17-18 May 2022 | Venue TBC, Portugal

Days
Hours
Minutes
NEXT YEAR'S DATES TO BE RELEASED SOON

Corinna Klessmann

Director -Energy, Sustainability, and Infrastructure
Guidehouse Energy
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Corinna Klessmann (PhD) works as Director for Guidehouse Inc. in Berlin. She is a leading international expert on renewable energy and green hydrogen policy. Corinna and her team are currently supporting the European Commission in implementing RED II requirements for green hydrogen. They are also developing a regulatory architecture for green hydrogen for the thinktank Agora Energiewende.

 

Corinna has 20 years of experience with power market and sustainable energy policy consultancy for governments, development organizations, NGOs and private companies. Her work focuses on

  • Energy and climate policy and regulation in the EU, particularly electricity (EU and Member State level)
  • Design and evaluation of policy instruments and regulation for renewable energy and green hydrogen, e.g. auction schemes, feed-in schemes, funding lines, etc.
  • Electricity market and renewable energy cooperation, especially offshore
  • Market integration and financing of renewable energy technologies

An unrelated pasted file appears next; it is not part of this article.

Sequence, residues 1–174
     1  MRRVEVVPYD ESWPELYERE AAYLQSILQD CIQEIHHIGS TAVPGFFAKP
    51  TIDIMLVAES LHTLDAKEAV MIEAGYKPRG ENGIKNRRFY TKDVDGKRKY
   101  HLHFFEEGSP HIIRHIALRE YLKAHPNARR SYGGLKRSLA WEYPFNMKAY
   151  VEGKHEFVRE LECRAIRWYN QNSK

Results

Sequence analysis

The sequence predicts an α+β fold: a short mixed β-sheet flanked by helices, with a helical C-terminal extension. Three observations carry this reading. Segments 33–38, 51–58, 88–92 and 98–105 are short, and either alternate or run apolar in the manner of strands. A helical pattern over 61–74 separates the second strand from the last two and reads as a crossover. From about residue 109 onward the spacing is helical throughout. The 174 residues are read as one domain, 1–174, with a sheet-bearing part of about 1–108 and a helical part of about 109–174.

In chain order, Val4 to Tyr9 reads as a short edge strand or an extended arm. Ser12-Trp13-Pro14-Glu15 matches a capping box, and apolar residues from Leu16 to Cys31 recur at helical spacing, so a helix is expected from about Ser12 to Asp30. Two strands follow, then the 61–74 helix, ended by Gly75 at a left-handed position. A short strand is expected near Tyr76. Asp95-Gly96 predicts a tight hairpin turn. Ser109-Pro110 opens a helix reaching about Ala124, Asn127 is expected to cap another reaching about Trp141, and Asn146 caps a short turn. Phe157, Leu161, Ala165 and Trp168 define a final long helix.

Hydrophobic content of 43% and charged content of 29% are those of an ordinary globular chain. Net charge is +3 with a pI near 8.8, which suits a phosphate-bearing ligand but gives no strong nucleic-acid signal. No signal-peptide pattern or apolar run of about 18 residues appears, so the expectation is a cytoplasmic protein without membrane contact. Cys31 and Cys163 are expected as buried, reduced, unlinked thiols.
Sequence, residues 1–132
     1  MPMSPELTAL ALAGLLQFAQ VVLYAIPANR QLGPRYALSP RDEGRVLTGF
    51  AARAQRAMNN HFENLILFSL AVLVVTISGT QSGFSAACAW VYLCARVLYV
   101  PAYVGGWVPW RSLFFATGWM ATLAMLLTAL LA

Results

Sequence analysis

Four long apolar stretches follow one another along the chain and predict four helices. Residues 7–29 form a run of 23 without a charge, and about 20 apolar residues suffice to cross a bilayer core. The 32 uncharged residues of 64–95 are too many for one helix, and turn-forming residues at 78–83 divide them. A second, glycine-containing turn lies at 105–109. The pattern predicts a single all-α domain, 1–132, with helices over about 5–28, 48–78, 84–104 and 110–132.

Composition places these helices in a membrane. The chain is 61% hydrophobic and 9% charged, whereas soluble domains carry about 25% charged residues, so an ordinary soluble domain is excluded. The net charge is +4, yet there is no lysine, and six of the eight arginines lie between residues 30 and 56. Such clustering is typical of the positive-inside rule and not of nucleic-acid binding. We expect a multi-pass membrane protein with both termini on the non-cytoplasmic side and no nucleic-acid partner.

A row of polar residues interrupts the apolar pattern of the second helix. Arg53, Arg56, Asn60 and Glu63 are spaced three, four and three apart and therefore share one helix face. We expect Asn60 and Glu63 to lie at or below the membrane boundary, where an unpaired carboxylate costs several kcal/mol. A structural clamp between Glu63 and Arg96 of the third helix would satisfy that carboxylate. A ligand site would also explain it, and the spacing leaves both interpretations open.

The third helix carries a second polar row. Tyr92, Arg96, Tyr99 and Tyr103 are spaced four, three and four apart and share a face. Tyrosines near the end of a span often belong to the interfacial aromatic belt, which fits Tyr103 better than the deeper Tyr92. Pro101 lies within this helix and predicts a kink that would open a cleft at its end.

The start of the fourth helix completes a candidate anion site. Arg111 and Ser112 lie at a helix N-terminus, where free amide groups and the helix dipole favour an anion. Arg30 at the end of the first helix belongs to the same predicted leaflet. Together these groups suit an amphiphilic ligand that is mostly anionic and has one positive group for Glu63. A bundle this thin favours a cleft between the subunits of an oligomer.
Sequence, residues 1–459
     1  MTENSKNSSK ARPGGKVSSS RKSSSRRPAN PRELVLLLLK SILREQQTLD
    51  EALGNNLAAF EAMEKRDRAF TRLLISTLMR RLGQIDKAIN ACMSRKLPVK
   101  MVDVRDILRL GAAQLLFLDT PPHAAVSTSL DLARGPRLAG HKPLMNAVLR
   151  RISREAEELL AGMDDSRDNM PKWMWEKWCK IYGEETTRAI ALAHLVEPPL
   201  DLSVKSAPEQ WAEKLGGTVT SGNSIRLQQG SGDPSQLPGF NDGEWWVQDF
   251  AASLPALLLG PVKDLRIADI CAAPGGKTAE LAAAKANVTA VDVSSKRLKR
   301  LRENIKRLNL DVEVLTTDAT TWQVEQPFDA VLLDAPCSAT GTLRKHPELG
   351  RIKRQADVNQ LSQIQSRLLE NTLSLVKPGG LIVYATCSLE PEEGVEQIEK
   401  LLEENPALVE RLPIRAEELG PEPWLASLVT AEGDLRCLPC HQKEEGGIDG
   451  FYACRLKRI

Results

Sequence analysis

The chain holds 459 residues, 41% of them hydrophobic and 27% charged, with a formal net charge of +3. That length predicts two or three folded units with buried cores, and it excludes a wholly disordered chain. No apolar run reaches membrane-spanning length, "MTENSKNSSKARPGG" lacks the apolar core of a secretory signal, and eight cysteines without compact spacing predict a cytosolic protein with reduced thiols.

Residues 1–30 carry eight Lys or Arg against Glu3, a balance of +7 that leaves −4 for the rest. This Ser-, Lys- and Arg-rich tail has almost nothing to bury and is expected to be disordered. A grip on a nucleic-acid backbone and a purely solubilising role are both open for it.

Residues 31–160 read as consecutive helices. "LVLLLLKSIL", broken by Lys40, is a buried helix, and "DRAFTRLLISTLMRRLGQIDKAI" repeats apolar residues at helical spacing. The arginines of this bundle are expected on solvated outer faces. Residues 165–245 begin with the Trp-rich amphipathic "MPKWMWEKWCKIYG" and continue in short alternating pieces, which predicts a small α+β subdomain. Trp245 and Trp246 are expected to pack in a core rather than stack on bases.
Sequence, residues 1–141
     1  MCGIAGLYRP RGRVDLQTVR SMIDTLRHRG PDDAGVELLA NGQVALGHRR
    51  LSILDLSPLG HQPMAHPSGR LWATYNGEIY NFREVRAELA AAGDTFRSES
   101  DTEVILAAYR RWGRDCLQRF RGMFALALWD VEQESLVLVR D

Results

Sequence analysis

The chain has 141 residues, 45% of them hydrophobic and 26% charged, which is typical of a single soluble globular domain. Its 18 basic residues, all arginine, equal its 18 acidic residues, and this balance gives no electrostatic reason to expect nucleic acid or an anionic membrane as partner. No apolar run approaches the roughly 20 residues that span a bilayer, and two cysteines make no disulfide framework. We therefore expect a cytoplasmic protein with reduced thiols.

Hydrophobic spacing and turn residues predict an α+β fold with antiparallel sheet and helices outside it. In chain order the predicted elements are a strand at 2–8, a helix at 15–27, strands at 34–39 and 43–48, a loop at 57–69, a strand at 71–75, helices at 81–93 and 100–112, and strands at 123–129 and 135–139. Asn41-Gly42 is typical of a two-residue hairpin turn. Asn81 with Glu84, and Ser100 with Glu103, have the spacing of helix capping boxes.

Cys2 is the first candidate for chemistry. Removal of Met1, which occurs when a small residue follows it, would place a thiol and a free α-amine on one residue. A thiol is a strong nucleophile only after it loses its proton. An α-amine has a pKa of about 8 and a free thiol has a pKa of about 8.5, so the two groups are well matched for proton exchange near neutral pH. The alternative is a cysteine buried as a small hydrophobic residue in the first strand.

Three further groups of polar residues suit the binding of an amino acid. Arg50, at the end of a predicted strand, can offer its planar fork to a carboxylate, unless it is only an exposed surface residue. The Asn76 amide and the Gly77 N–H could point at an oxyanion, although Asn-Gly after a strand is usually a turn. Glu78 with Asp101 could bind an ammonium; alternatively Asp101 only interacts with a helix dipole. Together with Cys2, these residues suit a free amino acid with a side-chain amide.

• Technical assistance to governments and NRAs
  • Supporting international stakeholder dialogues and negotiation processes

 

After completing her energy engineering (MEng) and philology (MA) studies, she worked as project assistant for a rural electrification project in South Africa and as research associate for decentralized energy applications at the Technical University of Berlin. Before she joined Guidehouse (then Ecofys) in 2006, she worked for three years at the German Energy Agency (dena) where she coordinated the dialogue with the German solar industry, supervised international market studies on renewable energies, and participated in international conferences and workshops in more than 20 countries. Alongside her work at Guidehouse she obtained a doctorate from Utrecht University, examining the effectiveness and efficiency of renewable energy support policies in the EU.

 

11 May
12:45
 - 13:25 BST (UTC +01:00)
Panel Discussion

Offtaker demand is key to developing a market for Green Hydrogen to survive without subsidies. Green Hydrogen’s current high cost makes it economically unviable compared to other sources of energy, however carbon taxes could help to create long term price parity and bridge that gap until Green hydrogen costs come down. In this session we will examine how carbon taxes have been implemented.

• Looking at the timelines required for carbon taxes to overcome the price gap between Grey and Green hydrogen,
and how they can be shortened
• Outlining planned and existing carbon taxation schemes, and their successes, and limitations
• How emissions trading could offer alternative income for developers looking to collocated hydrogen with their
projects